The U.S. is working with the Libyan opposition leaders on a post-Qadhafi scenario in the North African country, the White House has said. Meanwhile, U.S. President Barack Obama told Congressional leaders that there are no plans to use the U.S. military to assassinate Muammar Qadhafi.
“We are working in a variety of ways to reach out to the opposition in Libya, to advise them on what a post-Qadhafi Libya would best look like,” White House Press Secretary Jay Carney told reporters on Friday.
“We believe that the government which is most responsive to the aspirations and grievances of its people will be the most successful,” he said.
Mr. Carney said consultations with the Libyan opposition are part of the U.S. policy, but at the same time categorically ruled out sending ground troops to Libya.
Defending the decision to start military operations early, he said it was taken to protect the people of the country. “Colonel Qadhafi’s forces were about to move on Benghazi and wreak horrible damage and kill many, many Libyans, had the President waited for Congress to come back, had he taken more time to debate and consult on this issue, I think there’s very little doubt that Benghazi would have fallen and that many people would have died,” he said.
“And the President believes very strongly that he made the right decision,” Mr. Carney said.
Mr. Carney reiterated America’s position that Mr. Qadhafi needs to leave as he is no longer legitimate adding that the “Libyan leader is menacing his own people, using violence against his own people.”
The military mission that is described in Security Council Resolution 1973 goes beyond just the no-fly zone and it includes the civilian protection piece that enables the coalition to do more to protect civilians than the no-fly zone allowed in northern Iraq, he said.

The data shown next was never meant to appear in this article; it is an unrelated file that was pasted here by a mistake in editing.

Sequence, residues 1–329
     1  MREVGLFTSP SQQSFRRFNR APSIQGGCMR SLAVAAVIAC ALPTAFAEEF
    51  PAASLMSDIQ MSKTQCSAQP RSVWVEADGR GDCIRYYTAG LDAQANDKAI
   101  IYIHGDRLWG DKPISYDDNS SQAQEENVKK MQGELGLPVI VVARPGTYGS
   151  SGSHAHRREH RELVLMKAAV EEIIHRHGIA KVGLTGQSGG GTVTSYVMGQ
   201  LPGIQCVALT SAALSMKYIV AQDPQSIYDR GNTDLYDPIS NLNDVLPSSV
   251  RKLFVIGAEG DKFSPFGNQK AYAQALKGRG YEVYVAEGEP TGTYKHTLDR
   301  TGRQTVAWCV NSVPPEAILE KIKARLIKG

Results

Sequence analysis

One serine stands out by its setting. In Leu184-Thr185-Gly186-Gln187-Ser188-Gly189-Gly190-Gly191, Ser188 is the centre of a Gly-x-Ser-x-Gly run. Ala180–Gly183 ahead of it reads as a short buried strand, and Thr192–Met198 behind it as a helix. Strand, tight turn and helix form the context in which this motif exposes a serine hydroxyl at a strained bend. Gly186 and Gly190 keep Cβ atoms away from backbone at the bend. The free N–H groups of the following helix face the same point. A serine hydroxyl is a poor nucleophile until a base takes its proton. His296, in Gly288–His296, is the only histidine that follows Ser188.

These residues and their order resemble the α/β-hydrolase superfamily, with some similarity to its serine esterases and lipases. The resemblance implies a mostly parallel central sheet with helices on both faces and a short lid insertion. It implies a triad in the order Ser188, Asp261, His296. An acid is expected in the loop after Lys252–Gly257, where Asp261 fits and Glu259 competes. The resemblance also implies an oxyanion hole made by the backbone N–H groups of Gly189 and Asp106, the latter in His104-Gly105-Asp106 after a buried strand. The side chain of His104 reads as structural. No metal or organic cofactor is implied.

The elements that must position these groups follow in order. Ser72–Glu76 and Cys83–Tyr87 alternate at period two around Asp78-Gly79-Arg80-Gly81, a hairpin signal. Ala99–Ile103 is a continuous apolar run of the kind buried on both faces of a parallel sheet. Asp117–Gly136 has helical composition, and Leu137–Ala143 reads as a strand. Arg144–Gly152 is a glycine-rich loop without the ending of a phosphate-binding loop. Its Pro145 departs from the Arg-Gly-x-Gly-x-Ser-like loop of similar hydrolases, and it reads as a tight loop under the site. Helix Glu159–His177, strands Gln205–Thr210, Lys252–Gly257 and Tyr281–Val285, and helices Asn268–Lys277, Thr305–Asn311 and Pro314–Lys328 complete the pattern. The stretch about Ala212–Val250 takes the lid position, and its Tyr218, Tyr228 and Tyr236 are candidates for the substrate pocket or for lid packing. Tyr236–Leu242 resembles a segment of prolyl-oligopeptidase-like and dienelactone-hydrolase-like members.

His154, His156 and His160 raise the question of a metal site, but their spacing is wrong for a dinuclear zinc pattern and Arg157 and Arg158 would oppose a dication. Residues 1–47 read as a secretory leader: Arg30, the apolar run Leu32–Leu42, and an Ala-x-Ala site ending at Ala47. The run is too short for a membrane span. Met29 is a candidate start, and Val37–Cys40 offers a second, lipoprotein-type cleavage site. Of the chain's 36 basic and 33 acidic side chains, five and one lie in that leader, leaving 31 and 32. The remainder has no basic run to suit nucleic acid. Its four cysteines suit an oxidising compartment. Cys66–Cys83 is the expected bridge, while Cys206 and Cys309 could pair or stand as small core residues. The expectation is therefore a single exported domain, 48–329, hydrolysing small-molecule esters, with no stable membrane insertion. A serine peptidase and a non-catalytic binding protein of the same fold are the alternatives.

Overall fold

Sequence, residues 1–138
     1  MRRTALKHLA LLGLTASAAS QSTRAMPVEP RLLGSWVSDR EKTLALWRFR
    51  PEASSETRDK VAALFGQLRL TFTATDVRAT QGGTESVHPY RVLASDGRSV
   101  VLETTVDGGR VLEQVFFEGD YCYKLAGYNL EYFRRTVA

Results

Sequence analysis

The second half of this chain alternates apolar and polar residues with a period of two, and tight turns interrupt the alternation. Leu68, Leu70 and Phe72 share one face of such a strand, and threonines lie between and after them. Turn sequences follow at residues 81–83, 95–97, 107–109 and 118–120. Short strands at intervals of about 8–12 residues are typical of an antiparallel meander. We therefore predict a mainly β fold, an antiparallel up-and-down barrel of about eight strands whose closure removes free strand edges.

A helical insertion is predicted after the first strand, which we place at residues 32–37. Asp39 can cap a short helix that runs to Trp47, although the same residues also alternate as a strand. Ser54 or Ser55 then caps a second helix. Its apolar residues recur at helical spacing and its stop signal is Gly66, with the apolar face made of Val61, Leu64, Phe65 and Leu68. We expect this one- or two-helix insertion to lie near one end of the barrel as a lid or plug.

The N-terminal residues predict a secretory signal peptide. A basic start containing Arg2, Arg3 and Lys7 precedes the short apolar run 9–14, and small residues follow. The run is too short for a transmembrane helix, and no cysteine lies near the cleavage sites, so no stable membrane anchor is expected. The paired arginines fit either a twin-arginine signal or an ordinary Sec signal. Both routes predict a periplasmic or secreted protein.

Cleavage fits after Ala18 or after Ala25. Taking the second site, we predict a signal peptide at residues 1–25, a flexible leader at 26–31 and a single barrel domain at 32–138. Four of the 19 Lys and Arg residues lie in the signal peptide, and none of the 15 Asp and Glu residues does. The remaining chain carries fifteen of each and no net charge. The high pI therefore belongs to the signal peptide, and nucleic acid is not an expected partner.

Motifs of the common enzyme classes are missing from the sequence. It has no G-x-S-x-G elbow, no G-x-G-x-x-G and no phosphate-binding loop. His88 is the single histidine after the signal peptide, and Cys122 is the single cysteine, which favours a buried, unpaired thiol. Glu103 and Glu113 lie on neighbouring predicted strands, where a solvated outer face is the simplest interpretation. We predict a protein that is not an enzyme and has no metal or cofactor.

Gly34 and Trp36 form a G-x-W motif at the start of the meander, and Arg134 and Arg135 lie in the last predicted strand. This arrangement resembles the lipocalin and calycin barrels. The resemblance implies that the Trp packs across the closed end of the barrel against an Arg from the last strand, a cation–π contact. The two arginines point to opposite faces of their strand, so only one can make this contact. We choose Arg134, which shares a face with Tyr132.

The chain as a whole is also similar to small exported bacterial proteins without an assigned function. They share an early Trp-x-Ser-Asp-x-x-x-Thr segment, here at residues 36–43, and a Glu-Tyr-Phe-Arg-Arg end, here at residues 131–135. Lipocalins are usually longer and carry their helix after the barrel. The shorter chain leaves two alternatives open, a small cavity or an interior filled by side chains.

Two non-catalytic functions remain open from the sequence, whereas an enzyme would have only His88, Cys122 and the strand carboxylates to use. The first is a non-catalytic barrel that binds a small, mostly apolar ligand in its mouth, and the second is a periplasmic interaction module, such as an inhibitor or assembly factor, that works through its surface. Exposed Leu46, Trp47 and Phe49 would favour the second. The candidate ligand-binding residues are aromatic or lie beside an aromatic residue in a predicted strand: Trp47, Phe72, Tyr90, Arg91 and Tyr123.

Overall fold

“We are engaged in a host of actions, unilaterally and multilaterally, that are designed to put pressure on Qadhafi, to put pressure on those around him, with the aim that he will take the decision or those around him will take the decision that he has to go,” Mr. Carney said.
“We don’t have crystal balls here and I can’t predict what the future will bring but we will stay focused on those measures even as the military mission reaches benchmarks of success and as the transfer occurs we will continue with those tools that we have to put pressure on Qadhafi and his regime,” he said.
No plans to kill Qadhafi: Obama
President Barack Obama briefed top Congressional leaders about his policy on Libya during which he said there were no plans to use the military to assassinate Mr. Qadhafi.
“The President and his team provided an update on accomplishments to date, including the full transfer of enforcement of the ‘no-fly’ zone to NATO, and yesterday’s unanimous agreement among NATO allies to direct planning for NATO to assume command and control of the civilian protection component in accordance with UNSCR 1973,” the White House said in a statement after the meeting.
Mr. Obama answered multiple questions from the Members of Congress, the White House said, adding that the discussion lasted approximately one hour. Mr. Obama told the lawmakers that there are no plans to use U.S. military to assassinate the Libyan leader despite his administration’s policy of seeking regime change in the North African country, the Politico reported.
The hastily arranged briefing came amid fierce criticism from Capitol Hill of the President’s decision to strike Libya’s defences. “There was a discussion of how we have other ways of regime change,” Congressman Dutch Ruppersberger, the top Democrat on the House Intelligence Committee told Politico. “It’s not our role to do anything at this point from a kinetic point of view. It is our goal for regime change, but we’re not going to do it from a kinetic point of view,” he said.
More than 20 top U.S. lawmakers were present at the White House briefing.
“The Speaker appreciates the update today, but still believes much more needs to be done by the administration to provide clarity, particularly to the American people, on the military objective in Libya, America’s role, and how it is consistent with US policy goals,” House Speaker John Boehner’s spokesman Michael Steel said.